research news

Giving community members a voice in research planning

Concept of community feedback featuring people with speech bubbles above their heads.


Published November 21, 2023

Rebecca Ashare.
“We now have a better idea of the types of questions we should ask and there are several questions we would not have thought to ask without the input from the community experts. ”
Rebecca Ashare, associate professor
Department of Psychology

The feedback, opinions, concerns and suggestions of members of the community are impacting research planning and study development at UB, thanks to the Community Engagement Studio sessions presented by the Community Engagement Core in UB’s Clinical and Translational Science Institute.

Based on the program developed by the Meharry-Vanderbilt Community-Engaged Research Core, studio sessions connect members of the community with researchers to help plan more impactful studies. This semi-structured approach brings researchers and stakeholders together — face to face or virtually — for a one-time, bidirectional conversation around different aspects of research studies.

The CTSI offers four studio slots per year to researchers, free of charge.

“The studios help us as an institution to show our commitment to conducting research that is influenced by the community and provides researchers with an existing process to gather community feedback,” says Laurene M. Tumiel-Berhalter, director of community translational research, Department of Family Medicine, and director of the Community Engagement Core. “It is not a heavy lift for researchers. Plus, it makes our research more relevant, while acknowledging the unique contributions and experiences of members of the community.”

Opportunity to listen

Rebecca Ashare, associate professor of psychology and an academic co-lead for the 2023 CTSI Community Partnership Development Seed Grant Program, conducted two studio sessions in 2023. One session focused on medical cannabis use in urban communities, while the second focused on medical cannabis use in rural communities.

“We were hoping that the community experts could provide some guidance on the types of questions and topics we might ask in qualitative interviews, and thought these perspectives might differ depending on geography,” Ashare explains. “The studios achieved these aims and more. We learned more in those few hours than we could have ever read in any journal article. They shared their own experiences, had suggestions on how to engage patients, and gave us honest and thoughtful feedback about the types of questions that would be useful.”

Each studio session features a community facilitator, an individual from the represented community who leads the group discussion and adds probing questions.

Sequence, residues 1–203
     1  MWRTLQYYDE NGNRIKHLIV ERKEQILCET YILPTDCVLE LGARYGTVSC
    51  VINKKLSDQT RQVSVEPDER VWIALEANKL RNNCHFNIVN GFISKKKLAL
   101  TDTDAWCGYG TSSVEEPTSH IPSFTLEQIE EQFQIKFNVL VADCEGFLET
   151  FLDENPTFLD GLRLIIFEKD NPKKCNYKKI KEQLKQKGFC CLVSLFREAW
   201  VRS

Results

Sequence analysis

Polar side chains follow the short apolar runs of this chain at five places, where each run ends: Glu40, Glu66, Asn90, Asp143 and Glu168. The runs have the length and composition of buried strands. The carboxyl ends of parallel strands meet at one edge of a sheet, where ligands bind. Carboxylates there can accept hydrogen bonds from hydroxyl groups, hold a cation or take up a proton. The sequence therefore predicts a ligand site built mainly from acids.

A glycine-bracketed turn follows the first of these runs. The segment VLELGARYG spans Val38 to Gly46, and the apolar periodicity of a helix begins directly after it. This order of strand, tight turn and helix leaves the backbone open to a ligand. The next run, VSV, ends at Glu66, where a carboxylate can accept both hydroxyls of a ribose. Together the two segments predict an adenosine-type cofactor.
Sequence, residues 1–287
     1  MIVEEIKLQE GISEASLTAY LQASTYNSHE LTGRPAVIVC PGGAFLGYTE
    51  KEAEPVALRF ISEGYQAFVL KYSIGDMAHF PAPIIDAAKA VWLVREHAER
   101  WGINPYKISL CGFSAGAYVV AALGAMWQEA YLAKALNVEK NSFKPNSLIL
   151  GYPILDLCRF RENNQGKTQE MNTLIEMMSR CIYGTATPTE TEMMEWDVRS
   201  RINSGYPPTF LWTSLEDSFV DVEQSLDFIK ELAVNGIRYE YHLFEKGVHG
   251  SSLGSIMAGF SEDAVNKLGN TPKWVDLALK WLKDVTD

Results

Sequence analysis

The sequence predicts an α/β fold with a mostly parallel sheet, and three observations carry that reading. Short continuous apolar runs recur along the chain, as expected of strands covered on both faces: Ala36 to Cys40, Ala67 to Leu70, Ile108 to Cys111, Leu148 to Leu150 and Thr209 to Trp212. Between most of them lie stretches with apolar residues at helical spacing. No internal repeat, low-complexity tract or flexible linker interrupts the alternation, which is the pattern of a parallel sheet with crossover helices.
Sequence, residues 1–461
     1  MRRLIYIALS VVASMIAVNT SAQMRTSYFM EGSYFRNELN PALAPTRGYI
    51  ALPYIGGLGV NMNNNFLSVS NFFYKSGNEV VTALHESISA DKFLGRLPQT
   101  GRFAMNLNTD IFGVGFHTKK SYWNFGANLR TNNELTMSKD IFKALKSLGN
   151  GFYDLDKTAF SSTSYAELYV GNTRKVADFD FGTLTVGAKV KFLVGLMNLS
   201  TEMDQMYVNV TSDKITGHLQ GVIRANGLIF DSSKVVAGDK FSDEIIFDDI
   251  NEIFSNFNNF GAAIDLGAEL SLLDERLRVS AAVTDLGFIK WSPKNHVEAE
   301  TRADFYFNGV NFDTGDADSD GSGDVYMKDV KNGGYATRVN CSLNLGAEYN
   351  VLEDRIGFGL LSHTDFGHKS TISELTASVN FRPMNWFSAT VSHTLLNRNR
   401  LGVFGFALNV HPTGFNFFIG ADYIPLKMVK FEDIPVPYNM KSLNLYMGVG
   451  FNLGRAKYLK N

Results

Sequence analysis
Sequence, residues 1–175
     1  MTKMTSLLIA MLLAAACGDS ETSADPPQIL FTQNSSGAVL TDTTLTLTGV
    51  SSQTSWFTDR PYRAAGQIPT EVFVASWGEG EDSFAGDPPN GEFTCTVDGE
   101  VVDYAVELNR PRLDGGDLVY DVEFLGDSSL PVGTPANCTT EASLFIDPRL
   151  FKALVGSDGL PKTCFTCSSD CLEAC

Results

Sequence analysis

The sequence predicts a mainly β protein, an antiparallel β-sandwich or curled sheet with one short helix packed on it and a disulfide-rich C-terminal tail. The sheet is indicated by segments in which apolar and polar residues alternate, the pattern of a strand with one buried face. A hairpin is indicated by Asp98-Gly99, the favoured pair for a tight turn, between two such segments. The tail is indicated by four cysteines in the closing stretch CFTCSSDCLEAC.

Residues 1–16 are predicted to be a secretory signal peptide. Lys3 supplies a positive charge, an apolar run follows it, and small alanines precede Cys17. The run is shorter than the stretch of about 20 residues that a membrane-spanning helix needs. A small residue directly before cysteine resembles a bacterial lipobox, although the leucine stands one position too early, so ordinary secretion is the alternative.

“It is important for the group to feel comfortable with the facilitator, as if they are talking with someone from their neighborhood or inner circle,” says Grace McKenzie, CTSI community engagement specialist. “The facilitator goes through an orientation before guiding the session, so they are familiar with both the research topic and the questions being asked of the community members.”

“This was a new format for us, and very different from focus groups we’ve done,” Ashare says. “The community facilitators ran the whole studio and we, as the researchers, faded into the background. It gave us an opportunity to really listen, and it centered the voices of the community experts.”

While both sessions focused on cannabis studies, Ashare notes there were surprising differences. “We thought people in rural areas might have more barriers to obtaining cannabis, but that did not appear to be the case. Instead, the difference was in where people obtained cannabis, as well as perceptions of safety from different outlets.”

Studios provide valuable information

“One of the most important things we learned was the value in having groups discuss topics like cannabis,” says Ashare. “We had planned to conduct individual qualitative interviews but after hearing how people may feel more comfortable discussing their cannabis use in group formats, we are changing our format to conduct focus groups.”

Sanjay Sethi, professor and chief, Pulmonary, Critical Care and Sleep Medicine, and CTSI associate director, agrees that public input can lead to better study planning. A recent Community Engagement Studio session focused on the WNY Long COVID Registry.

“It was very useful and there were several good suggestions about how to disseminate information about the registry and the recovery center,” says Sethi, assistant vice president for health sciences, Department of Medicine, Jacobs School. “One suggestion we have already implemented is the language level of the website. We have made it simpler based on the recommendations from the studio session.”

With two Community Engagement Studios under her belt, Ashare says she highly recommends the sessions to researchers.

“Without the studios, we would have conducted individual interviews, as originally proposed — and we likely would have missed a lot of valuable information,” she explains. “In addition, the experiences the community experts shared provided insight into the critical issues that are facing patients using cannabis for symptom management. We now have a better idea of the types of questions we should ask and there are several questions we would not have thought to ask without the input from the community experts.”

Researchers can learn more about the Community Engagement Studios by watching a 30-minute Open Research Office video or a five-minute Educational Module video, or by reaching out to the CTSI Community Engagement team at